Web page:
Paulsen has moved so much and so many times that it is hard to pin down exactly where he is living at any given moment. For instance, as of this writing, an interviewer says that Paulsen lives in Wyoming (which is the likeliest possibility), while a publisher's blurb says that he is somehow in New Mexico and at the Pacific Ocean simultaneously— a feat of geographical flexibility that perhaps only Paulsen could pull off. Thus, the settings for My Life in Dog Years wander; adding to the confusion is that the stories are not necessarily presented in chronological order. The novel is constructed as though Paulsen is sitting with some folks and swapping dog stories with them, so the dogs come up in a casual order.
There is a glimpse of the Philippines. There, seven-year-old Gary saves a puppy from being raised for food in an upriver village. (He has seen a dog strangled and prepared for food while he is there.) He wanders with the dog into the jungle, along streets, more or less wherever the dog's nose says something interesting is to be found. In addition to finding ordinary stuff, such as the ever-present wreckage of war, he finds a cave with Japanese swords in it. Paulsen and the dog are inseparable, and he learns to smell and look at the world the way a dog does.
He also gives us a glimpse of his street life in the United States. Because his parents are "drunks," he pretty much has to survive on his own. The streets are hostile, populated by toughs with nothing better to do than loiter and beat up and rob little boys, something that happens often to Paulsen. A dog adopts him, however, and takes care of the toughs. Somehow, out of the bleakness, comes a happy ending: the dog finds a happy home on a farm where Paulsen works for a while.
Most of the settings are frontier ones. Paulsen and his wife (or wives—he has had three but does not distinguish them in My Life in Dog Years, so maybe only one, Ruth Wright, is mentioned in the stories) have lived long on the fringes of civilization, raising much of their own food—or trying to—and roughing it. Paulsen takes his dogs on his frequent adventures in the wilderness. On one such adventure, traveling to Alaska to race in the Iditarod, he acquires an already old, little dog that thinks nothing of roughing it; back home he will bury his teeth in the chest of a charging bear to protect Paulsen's wife. Curiously, this fierce little animal lives to a great age in spite of his uncompromising attitude toward larger creatures, even ones with bigger teeth. The frontier settings are rich in country odors, treacherous paths, near-deaths, and a bunch of dogs Paulsen could not live without.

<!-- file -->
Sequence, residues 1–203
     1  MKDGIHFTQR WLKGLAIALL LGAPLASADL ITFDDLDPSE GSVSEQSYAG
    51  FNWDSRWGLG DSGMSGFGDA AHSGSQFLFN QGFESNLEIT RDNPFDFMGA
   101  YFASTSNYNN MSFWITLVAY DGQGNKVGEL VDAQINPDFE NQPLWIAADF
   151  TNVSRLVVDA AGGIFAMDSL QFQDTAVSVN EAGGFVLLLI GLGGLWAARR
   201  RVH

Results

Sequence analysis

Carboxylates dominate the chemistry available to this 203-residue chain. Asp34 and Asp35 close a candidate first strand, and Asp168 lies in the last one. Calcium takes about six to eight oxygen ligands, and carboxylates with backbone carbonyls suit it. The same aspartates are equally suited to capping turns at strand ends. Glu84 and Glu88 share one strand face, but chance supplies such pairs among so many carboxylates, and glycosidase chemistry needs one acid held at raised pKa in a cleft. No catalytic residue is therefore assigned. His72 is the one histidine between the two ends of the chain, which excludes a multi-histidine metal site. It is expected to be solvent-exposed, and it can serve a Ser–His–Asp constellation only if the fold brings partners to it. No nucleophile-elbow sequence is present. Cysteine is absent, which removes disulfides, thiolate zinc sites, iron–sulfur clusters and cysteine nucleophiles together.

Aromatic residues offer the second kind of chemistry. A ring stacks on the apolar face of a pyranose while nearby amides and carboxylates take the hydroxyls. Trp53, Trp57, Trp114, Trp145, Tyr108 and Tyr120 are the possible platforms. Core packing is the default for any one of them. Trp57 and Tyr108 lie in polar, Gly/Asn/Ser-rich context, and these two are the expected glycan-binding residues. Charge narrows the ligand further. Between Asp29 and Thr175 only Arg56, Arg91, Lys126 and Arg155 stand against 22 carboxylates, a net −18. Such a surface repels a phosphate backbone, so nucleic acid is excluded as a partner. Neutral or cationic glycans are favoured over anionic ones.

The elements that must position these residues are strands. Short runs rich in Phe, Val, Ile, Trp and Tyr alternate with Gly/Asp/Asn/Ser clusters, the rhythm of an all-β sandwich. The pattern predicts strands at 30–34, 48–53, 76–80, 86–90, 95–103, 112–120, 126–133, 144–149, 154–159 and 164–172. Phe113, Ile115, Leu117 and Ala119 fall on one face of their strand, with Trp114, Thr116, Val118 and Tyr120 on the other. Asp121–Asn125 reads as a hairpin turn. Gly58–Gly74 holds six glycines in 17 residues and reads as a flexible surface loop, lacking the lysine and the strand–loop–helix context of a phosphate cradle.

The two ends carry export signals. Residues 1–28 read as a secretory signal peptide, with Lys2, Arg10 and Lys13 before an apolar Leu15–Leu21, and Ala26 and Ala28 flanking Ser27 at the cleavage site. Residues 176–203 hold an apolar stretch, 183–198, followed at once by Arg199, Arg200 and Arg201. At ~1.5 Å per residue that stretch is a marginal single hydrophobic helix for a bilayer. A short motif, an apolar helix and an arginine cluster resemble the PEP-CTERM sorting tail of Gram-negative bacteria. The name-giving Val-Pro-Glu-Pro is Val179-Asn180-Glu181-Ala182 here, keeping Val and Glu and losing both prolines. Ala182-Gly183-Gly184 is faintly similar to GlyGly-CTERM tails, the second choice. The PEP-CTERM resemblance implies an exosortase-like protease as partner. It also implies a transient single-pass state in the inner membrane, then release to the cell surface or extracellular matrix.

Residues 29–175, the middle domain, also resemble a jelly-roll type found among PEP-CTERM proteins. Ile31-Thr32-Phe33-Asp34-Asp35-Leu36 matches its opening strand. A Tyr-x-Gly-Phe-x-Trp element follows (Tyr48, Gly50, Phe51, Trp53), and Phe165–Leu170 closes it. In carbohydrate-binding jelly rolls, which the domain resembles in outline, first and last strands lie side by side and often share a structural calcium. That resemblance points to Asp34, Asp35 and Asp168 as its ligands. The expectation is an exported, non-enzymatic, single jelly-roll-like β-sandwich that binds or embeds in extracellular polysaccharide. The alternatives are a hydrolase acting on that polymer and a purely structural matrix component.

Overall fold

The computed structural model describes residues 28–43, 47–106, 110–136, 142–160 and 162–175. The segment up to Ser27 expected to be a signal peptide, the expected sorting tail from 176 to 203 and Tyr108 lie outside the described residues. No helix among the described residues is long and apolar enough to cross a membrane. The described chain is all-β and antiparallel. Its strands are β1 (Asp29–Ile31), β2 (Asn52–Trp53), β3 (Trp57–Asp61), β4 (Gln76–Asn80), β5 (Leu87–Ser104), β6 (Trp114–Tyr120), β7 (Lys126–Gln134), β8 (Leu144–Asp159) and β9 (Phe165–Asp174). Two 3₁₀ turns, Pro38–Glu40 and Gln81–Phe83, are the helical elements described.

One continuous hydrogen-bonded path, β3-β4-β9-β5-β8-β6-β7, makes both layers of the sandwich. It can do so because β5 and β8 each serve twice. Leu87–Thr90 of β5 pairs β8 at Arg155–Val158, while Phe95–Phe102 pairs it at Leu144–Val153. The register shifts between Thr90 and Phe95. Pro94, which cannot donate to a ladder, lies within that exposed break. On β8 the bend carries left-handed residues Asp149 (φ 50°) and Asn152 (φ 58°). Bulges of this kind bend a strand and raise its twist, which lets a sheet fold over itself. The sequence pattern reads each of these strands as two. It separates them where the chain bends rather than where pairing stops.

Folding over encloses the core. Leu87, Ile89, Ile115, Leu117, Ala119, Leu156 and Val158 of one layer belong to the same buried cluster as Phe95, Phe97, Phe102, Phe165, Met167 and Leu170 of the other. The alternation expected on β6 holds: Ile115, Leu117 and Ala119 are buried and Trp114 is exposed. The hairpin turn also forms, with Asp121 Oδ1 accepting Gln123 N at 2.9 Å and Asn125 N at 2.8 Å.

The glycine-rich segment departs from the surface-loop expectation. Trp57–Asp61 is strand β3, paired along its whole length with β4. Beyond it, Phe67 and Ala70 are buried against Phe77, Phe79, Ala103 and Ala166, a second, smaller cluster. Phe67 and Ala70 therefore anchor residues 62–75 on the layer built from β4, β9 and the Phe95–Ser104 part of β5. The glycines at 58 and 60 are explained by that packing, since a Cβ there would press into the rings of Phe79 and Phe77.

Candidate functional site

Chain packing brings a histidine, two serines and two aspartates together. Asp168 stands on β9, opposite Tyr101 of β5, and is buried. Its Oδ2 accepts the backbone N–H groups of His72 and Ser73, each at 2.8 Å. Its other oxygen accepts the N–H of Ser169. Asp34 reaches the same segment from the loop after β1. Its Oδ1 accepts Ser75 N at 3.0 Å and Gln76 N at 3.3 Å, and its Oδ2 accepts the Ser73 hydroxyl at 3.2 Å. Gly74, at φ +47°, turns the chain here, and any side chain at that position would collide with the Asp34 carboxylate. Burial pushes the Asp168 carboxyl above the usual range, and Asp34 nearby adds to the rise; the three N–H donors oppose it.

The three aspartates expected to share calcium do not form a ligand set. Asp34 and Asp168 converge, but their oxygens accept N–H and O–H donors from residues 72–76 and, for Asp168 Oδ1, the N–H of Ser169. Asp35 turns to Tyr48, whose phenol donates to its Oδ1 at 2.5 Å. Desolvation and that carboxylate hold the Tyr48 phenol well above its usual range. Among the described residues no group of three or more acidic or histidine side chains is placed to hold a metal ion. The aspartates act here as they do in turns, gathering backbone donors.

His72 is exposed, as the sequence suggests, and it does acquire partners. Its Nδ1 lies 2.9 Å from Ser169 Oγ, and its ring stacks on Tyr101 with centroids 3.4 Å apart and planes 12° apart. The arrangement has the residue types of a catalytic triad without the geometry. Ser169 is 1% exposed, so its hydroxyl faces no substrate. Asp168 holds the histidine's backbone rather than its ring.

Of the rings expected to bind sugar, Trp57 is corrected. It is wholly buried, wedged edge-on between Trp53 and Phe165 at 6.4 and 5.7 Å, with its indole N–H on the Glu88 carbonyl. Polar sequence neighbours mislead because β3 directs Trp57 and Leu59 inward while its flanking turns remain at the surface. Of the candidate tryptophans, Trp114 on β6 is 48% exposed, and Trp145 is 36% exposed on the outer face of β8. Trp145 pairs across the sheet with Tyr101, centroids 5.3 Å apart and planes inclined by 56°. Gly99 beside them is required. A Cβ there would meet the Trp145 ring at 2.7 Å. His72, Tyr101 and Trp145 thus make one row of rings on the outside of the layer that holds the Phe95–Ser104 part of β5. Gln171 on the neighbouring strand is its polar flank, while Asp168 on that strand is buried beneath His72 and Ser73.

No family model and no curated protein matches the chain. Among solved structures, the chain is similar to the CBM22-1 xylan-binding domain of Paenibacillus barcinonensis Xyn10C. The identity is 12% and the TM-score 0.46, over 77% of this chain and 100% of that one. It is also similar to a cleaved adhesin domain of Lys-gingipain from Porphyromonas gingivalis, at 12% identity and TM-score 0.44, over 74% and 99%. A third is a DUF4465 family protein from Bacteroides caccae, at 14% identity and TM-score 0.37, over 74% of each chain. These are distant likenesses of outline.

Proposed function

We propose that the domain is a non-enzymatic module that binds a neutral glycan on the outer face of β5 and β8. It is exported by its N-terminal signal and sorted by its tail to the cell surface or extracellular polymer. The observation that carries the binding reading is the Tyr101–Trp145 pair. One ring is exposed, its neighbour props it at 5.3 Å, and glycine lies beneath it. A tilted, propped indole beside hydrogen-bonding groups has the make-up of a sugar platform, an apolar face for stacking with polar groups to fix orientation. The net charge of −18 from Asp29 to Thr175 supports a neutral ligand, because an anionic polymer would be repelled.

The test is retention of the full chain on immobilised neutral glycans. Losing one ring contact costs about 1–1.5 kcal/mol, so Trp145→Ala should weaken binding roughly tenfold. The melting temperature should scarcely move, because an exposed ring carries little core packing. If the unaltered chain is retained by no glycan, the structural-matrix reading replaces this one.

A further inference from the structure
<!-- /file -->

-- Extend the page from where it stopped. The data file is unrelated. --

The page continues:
Paulsen is a sort of poet of the wilderness, and he paints pictures of it in spare sentences that are vibrant with color, as in "The maples were red gold and filtered the sunlight so that you could almost taste the richness of the light." Paulsen does not waste words, but each story is amply described, with not only colors but smells and sounds making the background of the events he relates seem abundantly populated with life.
Although there is sadness in My Life in Dog Years—dogs die sooner than people do—the book is usually happy and uplifting; the stories of the dogs are stories of love with no strings attached, of affection for the sake of affection. The overall impression of the book is of someone sitting and telling some folks about his adventures with some of his favorite pets. The tone is relaxed, the events earthy, and the stories calculated to be pleasing.
This snippet from "Josh: The Smartest Dog in the World" is a good example of what Paulsen offers in My Life in Dog Years. He has spotted a rat in his barn that has run behind a sack:
I looked at him [Josh] and told him, "Get ready—get ready now. There's something there. Are you ready? Ready?" until he was excited enough to jump out of his skin, and then I moved the sack and the rat made its break. Josh grabbed it without hesitation but didn't kill...
(The entire section is 1,854 words.)